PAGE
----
Wednesday, October 5, 2016

Cool System and Organisms!


Anoxygenic Photosynthesis

Info from:

Photo from:

http://earthsciences.iupui.edu/%7Ewgilhool/_Media/dscn1217_med_hr.jpeg


Oxygenic photosynthesis is when autotrophic organisms (makes its own food using light or chemicals) take light energy, water, and carbon dioxide and transfer it into glucose (sugar) and oxygen. Anoxygenic photosynthesis is very similar but instead of water uses a different electron donor. For example, some bacteria will use hydrogen sulfide instead of water and produce sulfur as a byproduct. The equation for anoxygenic photosynthesis is:

CO+ 2H2A + Light Energy → [CH2O] + 2A + H2O

“A” stands for any potential electron donor (like the hydrogen sulfide). Anoxygenic photosynthesis is necessary for bacteria like the purple sulfur bacteria to survive.


Chameleon

Image & Info from:

https://www.wired.com/wp-content/uploads/2014/04/Chameleon_Wroclaw_ZOO.jpg

Chameleons are a well-known organism, and it is also well-known that they are able to change the color of their skin. The way that they do this, however, is complicated and very interesting. Chameleons have a transparent outer layer of skin, and underneath it they have multiple layers of skin with different pigment sacs called chromatophores. The pigment sacs all contain different colors and are locked away until the nervous system tells them to expand. Depending upon what chromatophores are activated (usually based on mood), a chameleon can be all different sorts of colors. In fact, people who own chameleons can learn to tell what mood their pet is in based on its color.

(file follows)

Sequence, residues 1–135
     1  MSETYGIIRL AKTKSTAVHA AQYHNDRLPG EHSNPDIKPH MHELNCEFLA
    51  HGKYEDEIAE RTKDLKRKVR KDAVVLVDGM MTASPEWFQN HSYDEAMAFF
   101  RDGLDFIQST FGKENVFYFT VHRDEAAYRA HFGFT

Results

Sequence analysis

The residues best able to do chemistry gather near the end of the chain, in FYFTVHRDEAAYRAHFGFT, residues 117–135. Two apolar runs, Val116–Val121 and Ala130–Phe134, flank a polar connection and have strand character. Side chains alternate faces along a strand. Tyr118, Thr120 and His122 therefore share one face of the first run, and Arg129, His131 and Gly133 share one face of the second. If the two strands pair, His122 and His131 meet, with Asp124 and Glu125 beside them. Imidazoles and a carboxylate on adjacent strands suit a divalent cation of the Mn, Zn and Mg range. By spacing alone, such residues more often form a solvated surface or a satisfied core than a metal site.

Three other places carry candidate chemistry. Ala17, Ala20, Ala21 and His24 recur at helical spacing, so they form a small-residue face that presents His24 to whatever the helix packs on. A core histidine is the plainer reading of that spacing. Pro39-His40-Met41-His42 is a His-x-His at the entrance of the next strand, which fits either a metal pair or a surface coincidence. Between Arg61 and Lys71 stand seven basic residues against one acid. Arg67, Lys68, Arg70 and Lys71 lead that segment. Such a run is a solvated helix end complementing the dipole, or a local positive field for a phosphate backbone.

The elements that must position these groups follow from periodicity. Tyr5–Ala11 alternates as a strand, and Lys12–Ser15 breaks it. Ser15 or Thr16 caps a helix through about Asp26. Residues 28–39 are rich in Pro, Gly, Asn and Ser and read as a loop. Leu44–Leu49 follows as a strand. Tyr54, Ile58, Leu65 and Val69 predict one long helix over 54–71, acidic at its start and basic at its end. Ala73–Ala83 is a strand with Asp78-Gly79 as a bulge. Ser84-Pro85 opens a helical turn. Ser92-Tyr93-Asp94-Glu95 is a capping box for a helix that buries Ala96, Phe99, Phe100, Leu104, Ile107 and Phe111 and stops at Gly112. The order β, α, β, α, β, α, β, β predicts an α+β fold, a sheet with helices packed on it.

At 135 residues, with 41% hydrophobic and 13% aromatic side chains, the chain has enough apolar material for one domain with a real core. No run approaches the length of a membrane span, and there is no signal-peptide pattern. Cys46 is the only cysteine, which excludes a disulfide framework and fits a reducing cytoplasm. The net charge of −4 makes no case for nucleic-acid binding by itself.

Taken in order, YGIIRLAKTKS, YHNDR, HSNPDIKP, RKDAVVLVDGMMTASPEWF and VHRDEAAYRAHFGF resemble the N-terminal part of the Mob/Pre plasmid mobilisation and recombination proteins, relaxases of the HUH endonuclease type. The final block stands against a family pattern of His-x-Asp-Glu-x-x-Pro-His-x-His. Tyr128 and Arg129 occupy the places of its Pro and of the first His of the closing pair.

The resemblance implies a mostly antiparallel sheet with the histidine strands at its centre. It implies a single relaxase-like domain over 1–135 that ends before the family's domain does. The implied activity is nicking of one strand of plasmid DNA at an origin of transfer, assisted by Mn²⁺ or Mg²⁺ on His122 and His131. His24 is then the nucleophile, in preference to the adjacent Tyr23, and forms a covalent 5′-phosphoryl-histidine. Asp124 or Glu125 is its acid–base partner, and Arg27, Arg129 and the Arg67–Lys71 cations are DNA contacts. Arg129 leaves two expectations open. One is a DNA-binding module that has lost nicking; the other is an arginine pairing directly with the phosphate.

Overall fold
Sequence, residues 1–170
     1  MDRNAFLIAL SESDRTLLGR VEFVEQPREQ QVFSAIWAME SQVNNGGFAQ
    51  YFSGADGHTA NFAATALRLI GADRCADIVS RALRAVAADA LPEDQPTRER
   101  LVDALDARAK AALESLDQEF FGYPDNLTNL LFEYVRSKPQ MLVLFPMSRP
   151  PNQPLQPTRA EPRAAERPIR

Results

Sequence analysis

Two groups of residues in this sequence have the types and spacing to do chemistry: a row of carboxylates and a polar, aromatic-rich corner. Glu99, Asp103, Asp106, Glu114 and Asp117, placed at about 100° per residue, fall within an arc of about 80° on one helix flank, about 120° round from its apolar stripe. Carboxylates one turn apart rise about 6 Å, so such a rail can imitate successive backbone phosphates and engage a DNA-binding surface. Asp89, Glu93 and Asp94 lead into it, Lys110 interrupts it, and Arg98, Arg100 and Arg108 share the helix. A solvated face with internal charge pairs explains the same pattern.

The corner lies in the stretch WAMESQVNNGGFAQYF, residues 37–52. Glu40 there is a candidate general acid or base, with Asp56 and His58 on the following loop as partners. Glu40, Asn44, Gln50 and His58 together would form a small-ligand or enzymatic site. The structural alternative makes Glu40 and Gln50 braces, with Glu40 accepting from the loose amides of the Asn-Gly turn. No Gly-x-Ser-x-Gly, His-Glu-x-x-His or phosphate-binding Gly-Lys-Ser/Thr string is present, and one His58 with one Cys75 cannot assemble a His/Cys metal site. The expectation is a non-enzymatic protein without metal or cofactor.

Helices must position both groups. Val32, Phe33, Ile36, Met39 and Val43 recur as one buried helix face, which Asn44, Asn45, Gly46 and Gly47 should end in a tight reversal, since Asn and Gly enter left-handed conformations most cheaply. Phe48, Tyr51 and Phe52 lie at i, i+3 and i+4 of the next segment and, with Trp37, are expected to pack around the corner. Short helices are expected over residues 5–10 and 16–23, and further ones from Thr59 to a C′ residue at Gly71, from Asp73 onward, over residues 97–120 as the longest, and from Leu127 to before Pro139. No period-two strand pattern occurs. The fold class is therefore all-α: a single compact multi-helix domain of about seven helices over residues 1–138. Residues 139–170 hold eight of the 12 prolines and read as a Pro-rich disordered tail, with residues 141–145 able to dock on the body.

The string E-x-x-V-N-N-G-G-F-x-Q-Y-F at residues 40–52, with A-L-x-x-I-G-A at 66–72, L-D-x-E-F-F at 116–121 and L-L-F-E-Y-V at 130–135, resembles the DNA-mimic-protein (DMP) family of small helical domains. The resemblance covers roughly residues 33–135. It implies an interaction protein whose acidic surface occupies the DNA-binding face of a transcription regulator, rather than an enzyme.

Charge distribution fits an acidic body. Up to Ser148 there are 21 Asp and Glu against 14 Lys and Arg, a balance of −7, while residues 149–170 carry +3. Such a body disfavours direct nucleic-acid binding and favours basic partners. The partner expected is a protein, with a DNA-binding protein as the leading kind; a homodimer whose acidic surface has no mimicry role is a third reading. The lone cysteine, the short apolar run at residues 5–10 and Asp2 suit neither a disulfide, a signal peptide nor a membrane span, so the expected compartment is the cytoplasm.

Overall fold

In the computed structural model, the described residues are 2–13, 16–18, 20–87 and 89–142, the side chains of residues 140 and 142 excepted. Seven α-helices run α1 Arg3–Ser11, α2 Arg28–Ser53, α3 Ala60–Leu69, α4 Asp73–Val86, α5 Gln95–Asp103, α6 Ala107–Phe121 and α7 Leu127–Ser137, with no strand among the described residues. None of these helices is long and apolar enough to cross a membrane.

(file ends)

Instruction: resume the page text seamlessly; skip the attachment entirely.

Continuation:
Sunda Flying Lemur (Galeopterus variegatus)

Image & Info from:

mage result for sunda flying lemur


The Sunda Flying Lemur is neither a lemur (it is a colugo) or able to fly, but it is one of the world’s best mammal gliders! Sunda Flying Lemurs can glide on average up to 100 meters at a time and only go down 10 meters in elevation. They are able to do this because they have a flap of pure leathery skin that extends from their tails to their fingers and then their heads. They also have “toothcombs,” which are teeth specially designed for combing the parasites out of their fur.



Blue Ocean Slug (Glaucus Atlanticus)

Image & Info from:

lue Ocean Slug, Glaucus atlanticus


The blue ocean slug is a species that spends its life on the open ocean. An interesting fact about them is that scientists have had trouble categorizing them as planktonic (no motion of its own) or pelagic (moves around by itself) because observations for both have been made! They are also super tough little guys and their favorite meal is Portuguese-Man-O’-War, and it is able to do so because it swallows its prey’s stinging cells. They will also eat each other if food is scarce.

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